Ginger/Cayenne/Echinacea Tea for the Fall.
Spring is like the morning, Summer the afternoon, and Fall the evening of the year. Our psyches pull us inward to contemplate, fortify, unwind and slow down for the night that is winter. It makes sense then, that our minds are far more active in the winter season than our bodies.
The fall season is time for stocking up the harvests, for canning, pickling and drying in preparation for the barren winter. Animals feed voraciously now for sustenance during hibernation. The plants, as well, pull back into their roots through the winter frost, awaiting spring. Two roots that I stock up on are Ginger and Echinacea as I am prone to colds when the temperature drops. Besides, I find a hot cup of Ginger tea with a pinch of Cayenne pepper and a tablespoon of lemon juice delicious! I have found this recipe to be extremely effective against sore throats as well as fevers. Adding Echinacea to this concoction works even better. I prefer taking Echinacea in a tincture as I'm not crazy about the way it tastes in tea. Taking 30-40 drops under my tongue is far more appealing than drinking 3 cups full. Also, the tincture made from the fresh root, harvested in autumn, is far more effective than the dried root that is used to make the tea. Echinacea is well respected for its anti-microbial actions. It supports the body's immune system against bacterial infections especially those involving the respiratory system. Besides their use as cold and flu remedies, both Ginger and Echinacea have many other beneficial properties. Ginger, for instance is also valuable as a stimulant to the circulatory system, the liver, and the digestive system, promoting gastric secretions to relieve flatulence and dyspepsia. Echinacea was used by the Plains Indians as a blood purifier. Echinacea increases the activity of immune cells (Phagocytes) that facilitate the elimination of wastes through the kidneys, skin and digestive system. Echinacea and Ginger are both safe and effective medicines, used for centuries, that work to support the body through the changes, quite unlike the common over the counter pharmaceutical that works only to subdue the symptoms of illness.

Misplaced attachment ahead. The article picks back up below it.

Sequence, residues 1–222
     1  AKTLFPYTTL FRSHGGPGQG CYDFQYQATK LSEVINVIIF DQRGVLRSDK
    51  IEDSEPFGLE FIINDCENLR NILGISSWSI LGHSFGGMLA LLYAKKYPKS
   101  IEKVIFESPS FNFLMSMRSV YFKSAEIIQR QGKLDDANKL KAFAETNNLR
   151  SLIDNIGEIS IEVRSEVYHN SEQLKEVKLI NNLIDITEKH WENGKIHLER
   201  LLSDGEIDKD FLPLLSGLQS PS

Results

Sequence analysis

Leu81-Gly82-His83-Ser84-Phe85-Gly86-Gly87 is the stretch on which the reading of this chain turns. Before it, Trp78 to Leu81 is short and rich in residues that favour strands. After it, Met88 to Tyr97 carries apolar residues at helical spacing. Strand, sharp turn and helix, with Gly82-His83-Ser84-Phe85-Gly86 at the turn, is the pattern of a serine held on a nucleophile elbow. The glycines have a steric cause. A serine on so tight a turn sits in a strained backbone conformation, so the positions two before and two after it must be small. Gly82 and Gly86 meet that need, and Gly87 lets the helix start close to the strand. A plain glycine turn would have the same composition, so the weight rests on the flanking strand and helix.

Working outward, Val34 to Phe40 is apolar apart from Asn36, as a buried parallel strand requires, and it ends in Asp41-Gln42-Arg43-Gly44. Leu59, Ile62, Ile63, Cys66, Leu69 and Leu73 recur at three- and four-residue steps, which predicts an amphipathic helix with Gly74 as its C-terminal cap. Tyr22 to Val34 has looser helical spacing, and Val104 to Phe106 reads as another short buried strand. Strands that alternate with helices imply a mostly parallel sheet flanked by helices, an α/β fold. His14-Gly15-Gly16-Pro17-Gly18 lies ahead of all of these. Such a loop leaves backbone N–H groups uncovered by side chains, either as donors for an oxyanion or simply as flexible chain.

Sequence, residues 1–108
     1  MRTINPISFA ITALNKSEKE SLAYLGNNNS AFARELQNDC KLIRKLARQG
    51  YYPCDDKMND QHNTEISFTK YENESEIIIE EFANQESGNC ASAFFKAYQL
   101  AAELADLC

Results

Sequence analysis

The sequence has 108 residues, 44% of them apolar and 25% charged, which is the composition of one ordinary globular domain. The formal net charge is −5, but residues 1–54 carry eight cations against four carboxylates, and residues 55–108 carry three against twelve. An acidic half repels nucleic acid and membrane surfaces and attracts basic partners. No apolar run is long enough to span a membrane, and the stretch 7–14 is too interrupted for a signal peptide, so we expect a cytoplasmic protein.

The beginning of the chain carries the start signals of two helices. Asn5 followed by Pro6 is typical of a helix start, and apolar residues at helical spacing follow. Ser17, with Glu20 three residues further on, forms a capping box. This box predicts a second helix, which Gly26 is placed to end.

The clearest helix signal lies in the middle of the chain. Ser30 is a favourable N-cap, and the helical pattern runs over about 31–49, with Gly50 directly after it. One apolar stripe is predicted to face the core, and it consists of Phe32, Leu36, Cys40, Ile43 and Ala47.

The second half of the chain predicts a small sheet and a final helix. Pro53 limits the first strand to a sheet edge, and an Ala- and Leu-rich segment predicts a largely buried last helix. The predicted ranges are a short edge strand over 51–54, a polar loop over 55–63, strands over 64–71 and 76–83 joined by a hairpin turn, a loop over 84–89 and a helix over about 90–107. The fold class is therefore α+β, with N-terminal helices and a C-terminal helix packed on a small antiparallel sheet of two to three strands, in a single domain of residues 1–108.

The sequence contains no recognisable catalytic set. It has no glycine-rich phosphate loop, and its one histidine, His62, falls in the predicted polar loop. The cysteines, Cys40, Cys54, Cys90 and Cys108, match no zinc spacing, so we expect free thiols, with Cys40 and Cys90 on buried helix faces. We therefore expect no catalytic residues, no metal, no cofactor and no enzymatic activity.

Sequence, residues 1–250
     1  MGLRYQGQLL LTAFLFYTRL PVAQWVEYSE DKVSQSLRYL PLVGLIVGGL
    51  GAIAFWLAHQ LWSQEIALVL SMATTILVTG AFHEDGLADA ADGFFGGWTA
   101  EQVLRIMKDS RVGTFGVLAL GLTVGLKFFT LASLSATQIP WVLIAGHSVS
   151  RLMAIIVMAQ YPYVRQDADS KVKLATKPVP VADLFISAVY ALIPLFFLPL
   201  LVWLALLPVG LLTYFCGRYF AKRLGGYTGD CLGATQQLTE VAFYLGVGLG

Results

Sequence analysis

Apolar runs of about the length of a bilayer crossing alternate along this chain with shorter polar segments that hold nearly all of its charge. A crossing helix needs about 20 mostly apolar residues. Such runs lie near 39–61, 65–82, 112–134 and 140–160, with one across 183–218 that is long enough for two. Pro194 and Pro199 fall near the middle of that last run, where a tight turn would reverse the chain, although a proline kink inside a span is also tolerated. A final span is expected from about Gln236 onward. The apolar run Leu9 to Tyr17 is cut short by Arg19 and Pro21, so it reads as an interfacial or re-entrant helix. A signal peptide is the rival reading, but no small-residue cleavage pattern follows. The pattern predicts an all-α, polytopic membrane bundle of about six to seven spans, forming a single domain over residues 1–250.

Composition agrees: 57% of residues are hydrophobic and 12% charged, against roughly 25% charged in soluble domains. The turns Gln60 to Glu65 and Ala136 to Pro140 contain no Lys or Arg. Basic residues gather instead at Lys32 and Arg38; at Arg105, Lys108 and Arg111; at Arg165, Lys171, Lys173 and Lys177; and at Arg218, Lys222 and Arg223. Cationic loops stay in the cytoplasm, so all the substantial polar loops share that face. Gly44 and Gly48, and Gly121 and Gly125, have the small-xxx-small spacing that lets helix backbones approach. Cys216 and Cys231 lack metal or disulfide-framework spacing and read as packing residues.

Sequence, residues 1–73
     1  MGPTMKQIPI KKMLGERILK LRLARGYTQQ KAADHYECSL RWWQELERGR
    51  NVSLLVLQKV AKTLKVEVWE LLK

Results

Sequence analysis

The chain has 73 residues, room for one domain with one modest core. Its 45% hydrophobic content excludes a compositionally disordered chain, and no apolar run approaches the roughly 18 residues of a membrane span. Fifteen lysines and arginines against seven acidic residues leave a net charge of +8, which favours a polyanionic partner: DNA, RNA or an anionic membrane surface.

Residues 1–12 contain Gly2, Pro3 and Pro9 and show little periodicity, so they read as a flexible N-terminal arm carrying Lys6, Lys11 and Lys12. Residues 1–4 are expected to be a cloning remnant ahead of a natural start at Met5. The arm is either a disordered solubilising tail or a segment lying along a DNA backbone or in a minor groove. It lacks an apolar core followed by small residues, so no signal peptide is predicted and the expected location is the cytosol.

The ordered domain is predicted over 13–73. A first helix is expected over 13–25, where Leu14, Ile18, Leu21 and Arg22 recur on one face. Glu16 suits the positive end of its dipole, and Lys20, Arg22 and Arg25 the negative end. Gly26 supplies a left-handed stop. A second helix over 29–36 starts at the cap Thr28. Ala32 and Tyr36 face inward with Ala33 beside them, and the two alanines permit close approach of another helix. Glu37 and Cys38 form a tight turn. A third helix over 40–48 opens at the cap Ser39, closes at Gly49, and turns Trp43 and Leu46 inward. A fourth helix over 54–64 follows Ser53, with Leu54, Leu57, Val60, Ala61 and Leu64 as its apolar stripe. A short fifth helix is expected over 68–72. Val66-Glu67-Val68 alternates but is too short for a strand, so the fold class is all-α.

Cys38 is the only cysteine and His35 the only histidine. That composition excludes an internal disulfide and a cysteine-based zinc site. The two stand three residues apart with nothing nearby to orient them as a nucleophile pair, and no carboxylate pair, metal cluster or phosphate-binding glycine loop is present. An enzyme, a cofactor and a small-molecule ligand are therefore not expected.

Fortify yourself, and ENJOY the fall foliage.
©Lata Chettri 9/22/98